Spring gardens at Sudbury Hall
The gardens at Sudbury are vibrant in spring, with swathes of bluebells, daffodils, snowdrops and tulips bursting in to life around Sudbury’s historic trees.
After a suprisingly warm February we're looking forward to spring really taking hold this year. The garden team here at Sudbury have been busy planting even more bulbs over autumn and winter, including Chionodoxa luciliae, also known as ‘glory of the snow’. These have been planted around the Bay trees in the Stableyard and once established, will be one of the first bulbs to burst in to life.
Connections with the past
It's not just inside the Hall that you'll be able to spot historical beauty. Take a walk around the grounds of Sudbury and you may be able to spot the stunning cultivated varieties of tulip.Tulipa ‘Yellow Crown’ is a tulip variety chosen by George Vernon himself for his own 17th-century garden.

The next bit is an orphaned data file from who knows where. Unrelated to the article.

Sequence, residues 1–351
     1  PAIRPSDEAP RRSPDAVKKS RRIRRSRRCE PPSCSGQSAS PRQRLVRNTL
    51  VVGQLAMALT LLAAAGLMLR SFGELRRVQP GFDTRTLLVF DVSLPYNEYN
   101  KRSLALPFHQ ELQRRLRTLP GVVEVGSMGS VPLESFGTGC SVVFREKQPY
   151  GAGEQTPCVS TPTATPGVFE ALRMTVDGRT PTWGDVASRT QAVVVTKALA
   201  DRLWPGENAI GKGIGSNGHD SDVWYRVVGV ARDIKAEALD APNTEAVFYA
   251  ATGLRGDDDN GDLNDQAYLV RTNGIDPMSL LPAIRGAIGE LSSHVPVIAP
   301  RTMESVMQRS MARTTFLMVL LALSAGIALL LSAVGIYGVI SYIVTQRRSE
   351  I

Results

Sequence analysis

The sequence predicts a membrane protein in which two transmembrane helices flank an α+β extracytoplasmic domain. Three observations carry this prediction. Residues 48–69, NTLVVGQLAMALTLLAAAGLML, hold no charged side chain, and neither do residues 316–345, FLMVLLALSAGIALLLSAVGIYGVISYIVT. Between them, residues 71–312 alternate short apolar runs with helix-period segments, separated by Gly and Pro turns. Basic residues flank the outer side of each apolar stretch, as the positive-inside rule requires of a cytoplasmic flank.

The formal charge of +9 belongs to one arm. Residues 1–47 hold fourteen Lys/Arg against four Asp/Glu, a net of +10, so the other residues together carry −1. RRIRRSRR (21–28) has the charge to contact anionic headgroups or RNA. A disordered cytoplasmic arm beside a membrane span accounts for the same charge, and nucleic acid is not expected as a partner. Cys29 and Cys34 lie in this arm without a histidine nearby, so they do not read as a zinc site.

The car park walk
Since the completion of our extended car park in 2017 we've added planting areas along the path between the car park and the Hall. Thanks to the help of regular volunteers, staff and those who joined us for our visiteering days in 2018, we've planted a mixture of over three hundred native shrubs and trees. Species include Hawthorn, Oak, Wild Privet and Viburnum. As they mature they'll make the walk even more enjoyable and provide important habitat for birds and wildlife.
The colours continue throughout the grounds at Sudbury. Spring is a time when our gardens truly come to life and there's something pretty around every corner. For keen photographers it's the ideal time to capture the dynamic colours or see how many varieties of blooms you can spot. Witnessing the trees slowly coming in to leaf is another highlight of the season. Amongst our spectacular trees is the purple beech, also known as the copper beech. With its new copper-bronze leaves set against the pale grey bark, this tree really is something special.